California Legislature Says Yes To Blockchain Bill Defining Crypto Terms

A draft law has been recently approved in California. The new law was designed to create the legal grounds for the implementation of technology related to cryptocurrencies. Called Assembly Bill 2658 and amends the California Corporations Code, Government Code and Civil Code to legalize the blockchain technology in the state for local and foreign commerce.

Known as the DLT bill, the bill was drafted by Ian Calderon, a 32-year old democrat Assembly member from California. It was one of his most notable successes during his term. The goal was to determine the basic terms related to cryptos and the distributed ledger technology (also known as the blockchain). The draft was co-sponsored by Bob Hertberg, a Senate Democrat.

The Assembly Bill 2658 introduces legal definitions for blockchain, smart contracts and revises some older ones like an electronic record and electronic signature to upgrade these definitions.

It is important to notice that several laws will be amended when the bill is adopted. They include Sections 1624.5 and 1633.5 of the Civil Code, Section 25612.5 from the Corporations Code, Section 16.5 from the Government Code, Section 38.6 of the Insurance Code for electronic records and even a new section, 1633.75 to the Civil Code.

Another important aspect of the bill is to revise provisions and to define how electronic records and signatures are defined in the context of blockchain at the same time that it adds smart contracts to the equation.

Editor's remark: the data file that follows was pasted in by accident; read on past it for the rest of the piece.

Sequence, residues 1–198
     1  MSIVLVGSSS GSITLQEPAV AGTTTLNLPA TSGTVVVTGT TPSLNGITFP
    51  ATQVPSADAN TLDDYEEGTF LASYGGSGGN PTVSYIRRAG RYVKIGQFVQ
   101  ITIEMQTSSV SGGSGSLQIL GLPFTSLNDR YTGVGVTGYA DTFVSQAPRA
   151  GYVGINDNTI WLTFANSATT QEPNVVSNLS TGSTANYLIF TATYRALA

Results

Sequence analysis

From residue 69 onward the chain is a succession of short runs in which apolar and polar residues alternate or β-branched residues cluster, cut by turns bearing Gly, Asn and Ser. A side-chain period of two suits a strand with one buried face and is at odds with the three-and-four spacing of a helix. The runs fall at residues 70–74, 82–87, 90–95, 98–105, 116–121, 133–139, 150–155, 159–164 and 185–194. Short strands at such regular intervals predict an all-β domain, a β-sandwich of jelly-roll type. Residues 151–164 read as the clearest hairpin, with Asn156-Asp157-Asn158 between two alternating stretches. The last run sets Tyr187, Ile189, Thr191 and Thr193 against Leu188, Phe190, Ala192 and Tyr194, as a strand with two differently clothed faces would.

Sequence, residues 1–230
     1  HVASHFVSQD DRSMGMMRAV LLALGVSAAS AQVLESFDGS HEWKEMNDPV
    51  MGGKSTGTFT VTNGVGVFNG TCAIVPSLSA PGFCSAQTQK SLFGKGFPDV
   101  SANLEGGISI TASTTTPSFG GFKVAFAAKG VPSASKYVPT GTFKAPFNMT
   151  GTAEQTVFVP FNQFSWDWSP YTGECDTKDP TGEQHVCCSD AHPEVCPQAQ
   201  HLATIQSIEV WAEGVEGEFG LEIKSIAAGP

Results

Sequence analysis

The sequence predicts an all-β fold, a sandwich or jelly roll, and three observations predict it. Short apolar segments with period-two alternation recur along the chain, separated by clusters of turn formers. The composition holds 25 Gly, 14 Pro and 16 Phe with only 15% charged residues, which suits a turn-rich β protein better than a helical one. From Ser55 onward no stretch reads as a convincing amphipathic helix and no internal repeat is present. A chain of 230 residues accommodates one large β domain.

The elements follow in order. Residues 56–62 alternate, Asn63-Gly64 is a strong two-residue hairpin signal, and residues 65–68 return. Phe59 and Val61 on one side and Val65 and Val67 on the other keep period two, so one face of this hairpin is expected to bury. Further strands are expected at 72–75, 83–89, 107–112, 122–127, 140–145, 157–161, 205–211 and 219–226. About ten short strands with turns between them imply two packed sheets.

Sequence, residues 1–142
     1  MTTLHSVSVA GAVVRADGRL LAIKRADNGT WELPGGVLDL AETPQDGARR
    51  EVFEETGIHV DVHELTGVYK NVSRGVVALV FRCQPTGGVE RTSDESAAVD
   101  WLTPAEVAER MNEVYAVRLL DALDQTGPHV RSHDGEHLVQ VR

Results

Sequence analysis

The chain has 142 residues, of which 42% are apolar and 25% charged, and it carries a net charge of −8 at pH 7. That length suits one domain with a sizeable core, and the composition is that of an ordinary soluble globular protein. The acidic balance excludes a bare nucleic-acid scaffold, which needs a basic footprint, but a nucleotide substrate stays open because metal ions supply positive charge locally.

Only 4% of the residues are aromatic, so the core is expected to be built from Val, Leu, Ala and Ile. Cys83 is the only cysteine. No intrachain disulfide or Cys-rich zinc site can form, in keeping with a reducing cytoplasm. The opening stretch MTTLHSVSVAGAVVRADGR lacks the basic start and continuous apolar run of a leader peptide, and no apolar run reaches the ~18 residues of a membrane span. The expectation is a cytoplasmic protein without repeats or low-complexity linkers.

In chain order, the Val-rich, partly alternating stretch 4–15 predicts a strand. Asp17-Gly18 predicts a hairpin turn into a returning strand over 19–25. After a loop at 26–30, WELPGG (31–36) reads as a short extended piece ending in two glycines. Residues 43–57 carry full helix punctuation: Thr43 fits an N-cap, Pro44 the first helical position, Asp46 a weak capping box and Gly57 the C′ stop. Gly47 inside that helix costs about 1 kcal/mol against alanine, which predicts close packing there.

The major merit of the bill created by Ian Calderon is to determine all the terms related to DLT technologies and cryptos in general. For instance, it defined that blockchains mean DLT that is decentralized and shared via a reciprocal ledger that may be public, private, permissioned or permissionless and that it will be driven by tokenized assets.

Blockchain’s data, another section determines, is protected by cryptography, is immutable, auditable and provides an “uncensored truth”. Smart contracts are defined as event-driven programs that run on a distributed ledger and can take custody over assets on that ledger of instruct their transfer.

The section on the Civil Code states that records secured via this technology are to be treated as electronic records and signatures as electronic signatures.

Bill 2658 has already passed the Senate on August 23 and the State’s Assembly on August 27. Now, it waits for the signature of the Governor Jerry Brown.

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